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Wellesley school officials seeking resident feedback for long-term education plan

Posted by Jaclyn Reiss  April 8, 2013 04:45 PM

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What do you like about Wellesley public schools, and what do you think should be done to improve them?

These are the essential questions behind a long-term education goal plan that Wellesley school officials are forming, and hope to complete drafting, this year.

Wellesley superintendent David Lussier, who was hired this summer after former superintendent Bella Wong resigned, said the three-to-five year plan seeks to centralize district-wide goals, which would help clarify other decisions on key issues like the school's budget and individual school renovations.

The plan will emphasize school programs and student skills the school district hopes to strengthen, but will also identify any district shortcomings and try to address them.

"This about going from good to great," Lussier said. "Not having a plan would lead to a lack of coherence - if there is a decision made about a program, initiative, or particular policy, it may not necessarily make sense when you crosswalk that with something else. We really want a path forward to help make these choices."

Residents are asked to complete an online survey through April 12 so the school can collect more feedback. The survey is available at surveymonkey.com/s/VNZ5LD5.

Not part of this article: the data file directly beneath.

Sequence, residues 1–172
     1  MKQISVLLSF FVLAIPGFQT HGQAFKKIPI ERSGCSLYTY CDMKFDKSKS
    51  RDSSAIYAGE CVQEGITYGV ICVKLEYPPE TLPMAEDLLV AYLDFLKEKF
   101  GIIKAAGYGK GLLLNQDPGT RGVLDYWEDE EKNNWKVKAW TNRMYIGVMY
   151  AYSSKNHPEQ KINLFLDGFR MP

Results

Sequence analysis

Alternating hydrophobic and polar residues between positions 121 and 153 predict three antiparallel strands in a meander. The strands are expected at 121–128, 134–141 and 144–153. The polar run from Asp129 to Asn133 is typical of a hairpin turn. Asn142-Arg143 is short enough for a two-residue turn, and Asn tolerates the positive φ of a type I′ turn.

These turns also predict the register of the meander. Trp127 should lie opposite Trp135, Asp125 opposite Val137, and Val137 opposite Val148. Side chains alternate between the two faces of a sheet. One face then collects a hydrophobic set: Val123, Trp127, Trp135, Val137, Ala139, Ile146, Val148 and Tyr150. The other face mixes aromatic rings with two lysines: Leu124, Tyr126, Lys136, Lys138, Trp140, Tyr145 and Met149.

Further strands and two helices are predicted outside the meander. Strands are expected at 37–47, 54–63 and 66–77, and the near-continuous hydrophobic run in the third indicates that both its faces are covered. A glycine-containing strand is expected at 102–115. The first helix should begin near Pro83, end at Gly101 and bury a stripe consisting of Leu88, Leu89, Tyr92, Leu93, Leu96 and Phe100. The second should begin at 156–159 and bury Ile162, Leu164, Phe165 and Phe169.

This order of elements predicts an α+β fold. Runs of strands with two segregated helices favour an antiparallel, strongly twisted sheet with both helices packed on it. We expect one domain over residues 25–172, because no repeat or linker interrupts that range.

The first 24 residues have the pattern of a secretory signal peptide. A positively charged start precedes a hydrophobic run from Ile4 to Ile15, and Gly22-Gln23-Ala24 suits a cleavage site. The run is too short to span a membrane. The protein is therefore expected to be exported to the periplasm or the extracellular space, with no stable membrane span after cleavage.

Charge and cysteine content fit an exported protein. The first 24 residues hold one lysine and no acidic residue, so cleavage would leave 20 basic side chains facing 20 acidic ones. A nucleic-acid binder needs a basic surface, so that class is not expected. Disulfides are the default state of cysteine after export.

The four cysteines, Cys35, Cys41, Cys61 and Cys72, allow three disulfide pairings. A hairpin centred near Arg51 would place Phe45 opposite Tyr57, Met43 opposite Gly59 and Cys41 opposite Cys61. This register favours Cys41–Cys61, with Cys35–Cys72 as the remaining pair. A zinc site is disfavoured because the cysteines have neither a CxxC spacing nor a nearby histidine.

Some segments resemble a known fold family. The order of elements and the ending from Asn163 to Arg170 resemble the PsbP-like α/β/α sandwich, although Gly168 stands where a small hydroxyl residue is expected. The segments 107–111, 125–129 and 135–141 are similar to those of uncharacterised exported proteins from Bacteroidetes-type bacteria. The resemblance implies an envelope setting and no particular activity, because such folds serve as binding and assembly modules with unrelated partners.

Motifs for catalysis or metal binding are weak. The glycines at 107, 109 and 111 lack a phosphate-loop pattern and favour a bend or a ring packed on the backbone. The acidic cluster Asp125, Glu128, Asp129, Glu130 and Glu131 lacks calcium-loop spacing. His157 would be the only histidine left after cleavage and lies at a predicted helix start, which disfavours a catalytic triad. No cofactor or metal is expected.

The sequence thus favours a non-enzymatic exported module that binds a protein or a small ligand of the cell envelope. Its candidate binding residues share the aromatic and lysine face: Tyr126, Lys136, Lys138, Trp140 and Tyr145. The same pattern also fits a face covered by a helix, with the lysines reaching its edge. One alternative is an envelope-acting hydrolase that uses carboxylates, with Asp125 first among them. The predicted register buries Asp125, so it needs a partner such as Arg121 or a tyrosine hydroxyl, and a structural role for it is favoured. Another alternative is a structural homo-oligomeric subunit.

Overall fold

Lussier said he recommended creating the long-term plan during his interviews for the job, noting that to his knowledge, Wellesley has not created such a plan in recent history.

Lussier said he hopes the draft will be finalized and approved by the end of this year. He wants to make a preliminary report on its progress at a to-be-determined spring School Committee meeting.

Lussier said the district has been meeting with parents, teachers, student, higher education officials, and business leaders for the past two months to gather input on the skills needed for students to succeed past high school and college - a main focus of the plan.

He said although most people so far agree that Wellesley offers "tremendous teachers," many want to see the district emphasize skill sets that help students adapt to a heavily tech-savvy world, and to teach them not be afraid of trying new initiatives and business ventures - even if the project fails.

Lussier also said many locals have brought up the failing conditions of Wellesley elementary schools.

However, he noted that the district this month has submitted statement of interests to the state for help designing and funding renovations or new buildings for three elementary schools: Hardy, Hunnewell and Schofield.

"The list of all the work that needs to be done is significant in terms of scope and cost," Lussier said, noting that the town is especially focusing on renovating Schofield, which has the most serious problems.

He said he hopes to gather as much public input as possible this month, before moving on to using the information to formulate the plan based on the input.

"The district has a lot of strengths, prior to me stepping foot in Wellesley," Lussier said. "I'm building off of a very strong foundation."

For more information on the strategic planning process, visit the public school district's website.

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Jaclyn Reiss can be reached at jaclyn.reiss@globe.com

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